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Emerging Markets Running Scared with Capital Controls

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This has not been a good year for emerging markets. Since many of the emerging economies are commodity-reliant (mainly crude oil), the oil price plunge has also crashed their currencies, which prompted money fear and flight.

WSJ quoted the Institute of International Finance that emerging markets suffered record net outflows of $732 billion in 2015, with China accounting for the bulk of that. The Russian ruble, Mexican peso and Colombian peso all hit record lows against the dollar. Overall, emerging-market currencies fell 3% in the first two weeks of 2016.

According to WSJ, Azerbaijan said this week it would slap a 20% tax on any transaction that takes money out of the country. Saudi Arabia told banks with branches there to stop allowing traders to short Saudi’s currency, the riyal. Nigeria recently halted imports of goods including rice and toothpicks and imposed spending limits on credit and debit cards denominated in foreign currency. Mighty Beijing instituted a restriction similar to Saudi Arabia’s on forward currency bets and suspended applications for certain outbound investments. India, Venezuela and Egypt also have responded by applying some form of capital controls.

The capital controls are supposed to discourage the outflow of money and the shorts piling in on their currencies. But this is also scaring away potential foreign investors and hurting businesses that need to hedge. Basically capital controls can not rectify the underlying economic weakness and the policy uncertainty will also increase the risk premium of doing business there.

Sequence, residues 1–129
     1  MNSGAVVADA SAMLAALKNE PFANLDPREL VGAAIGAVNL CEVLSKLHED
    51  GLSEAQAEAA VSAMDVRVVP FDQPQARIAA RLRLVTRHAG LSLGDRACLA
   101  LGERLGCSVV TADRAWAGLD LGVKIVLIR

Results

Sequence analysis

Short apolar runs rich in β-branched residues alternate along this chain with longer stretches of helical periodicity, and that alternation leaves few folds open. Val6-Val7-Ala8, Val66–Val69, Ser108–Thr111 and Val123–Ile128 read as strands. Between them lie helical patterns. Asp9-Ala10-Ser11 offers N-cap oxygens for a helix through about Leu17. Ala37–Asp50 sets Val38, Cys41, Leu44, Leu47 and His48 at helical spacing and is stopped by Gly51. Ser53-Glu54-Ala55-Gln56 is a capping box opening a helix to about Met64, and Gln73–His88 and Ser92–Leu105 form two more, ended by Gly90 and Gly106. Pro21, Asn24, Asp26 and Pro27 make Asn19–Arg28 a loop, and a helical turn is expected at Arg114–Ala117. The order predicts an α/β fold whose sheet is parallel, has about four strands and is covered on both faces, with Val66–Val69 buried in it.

Emerging markets used to be a bright spot for investors after the financial crisis. But china teetering on recession, and the collapse in oil and other commodity prices has reversed the trend.

So far, these policies have mixed results. India’s capital controls back in 2013 did help the country’s currency and rebuild its foreign reserves. But right now capital flight continues in China, Venezuela and Egypt while their reserves also dwindle because their currencies all are pegged to the dollar to some degrees.

Some money managers are willing to stick it out hoping for a payday somewhere down the road. The bottom line lies in how emerging markets manage a massive outflow of capital, weakness in their currencies and economies, and a swollen debt burden will be the determining factors in the fate of the nation and ultimately investor’s bets.

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